In the East Midlands, district nurse Mary Black says her team and other colleagues are struggling to cope, because of a mixture of unfilled vacancies, maternity leave and long-term sickness absence, which directly affect patient care. “We firefight every single day: moving patient visits, ringing round to see if other teams can help, and we often have to cancel or defer. We have bank and agency nurses to cover vacancies, but not usually sickness or maternity leave, so it means the staff who are left have lots more visits to do each day,” she says. “There is no continuity, as often there’s a different agency nurse each day and there are a lot of duties and patient visits that an agency nurse can’t do, so the complex patients fall to our permanent members of the team. Agency staff often cancel at the last minute and sometimes don’t turn up.”

Black says: “It often feels like we’re not giving our patients a very good service, we cannot spend the time with them that they often need. Incidents and complaints will have risen.”

Rob Davies, a senior physiotherapist at a large hospital in the south-west, which he asked not to be named, says it struggles to attract recruits from further afield. For the last eight months, there have been 12.5 full-time equivalent vacancies for junior physiotherapists and two for senior specialist ones. With major trauma status, and a busy outpatient unit, an overnight and weekend service, the 140 members of the physiotherapy team are swamped, even when they have a full roster of staff. Stress is now the biggest cause of workplace sickness, he says. “[Staff shortages] affect everything from how you manage the caseload, and what you can do for patients, and it contributes to staff stress. It affects morale. I’m surprised that more of us in our department don’t go off sick.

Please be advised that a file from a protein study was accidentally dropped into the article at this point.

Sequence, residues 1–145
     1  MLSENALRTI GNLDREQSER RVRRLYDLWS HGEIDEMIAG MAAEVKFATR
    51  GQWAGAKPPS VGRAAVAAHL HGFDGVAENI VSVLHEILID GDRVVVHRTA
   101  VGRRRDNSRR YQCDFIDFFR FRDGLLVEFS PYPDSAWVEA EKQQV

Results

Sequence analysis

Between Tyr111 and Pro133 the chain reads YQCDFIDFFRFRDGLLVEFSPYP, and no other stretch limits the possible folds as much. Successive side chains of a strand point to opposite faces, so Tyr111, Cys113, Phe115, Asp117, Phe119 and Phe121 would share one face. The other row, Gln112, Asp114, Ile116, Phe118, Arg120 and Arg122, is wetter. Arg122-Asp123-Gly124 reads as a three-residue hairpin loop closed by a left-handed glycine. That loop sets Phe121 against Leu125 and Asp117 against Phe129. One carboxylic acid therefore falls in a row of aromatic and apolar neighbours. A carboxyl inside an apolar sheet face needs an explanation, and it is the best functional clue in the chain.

“When you don’t have the right staff levels, we have to see patients on a prioritised basis,” he says. “Patients don’t get the quality and sometimes it means people get sub-optimal outcomes. It’s frustrating and demoralising.” Some of his colleagues have voted with their feet: leaving for private sector jobs with better work-life balance, or moving somewhere with lower house prices. “They are on the same money as it’s nationally done but the property prices are different,” Davies says. In the South-West, the shortages are particularly acute for more junior grades. “It tends to be easier to recruit more senior physios as they are a band up so the pay is better but it still can be an issue getting the right people down to us.”

Last month’s report on the public sector workforce by the Reform thinktank is blunt about the impact of staffing problems. “Public services fail when employees fail,” it concludes. “This is the dramatic lesson from a number of high-profile errors in recent public service delivery. In many instances, quality is compromised, not because of individual incompetence, but the way the workforce is structured and organised.”

With potentially fewer candidates from the EU and more existing staff retiring, it will be crucial for the NHS and social care sectors to attract younger people. Allen says that there is already close working with schools and job centres to promote social care as a career and adult social care has had “phenomenal success” with apprenticeships, although the government’s levy on large employers to help fund apprenticeships could risk this success. “There’s more we can do to promote social care as a really great career for young people,” says Allen. “It’s not just about getting people in, it’s about keeping them.”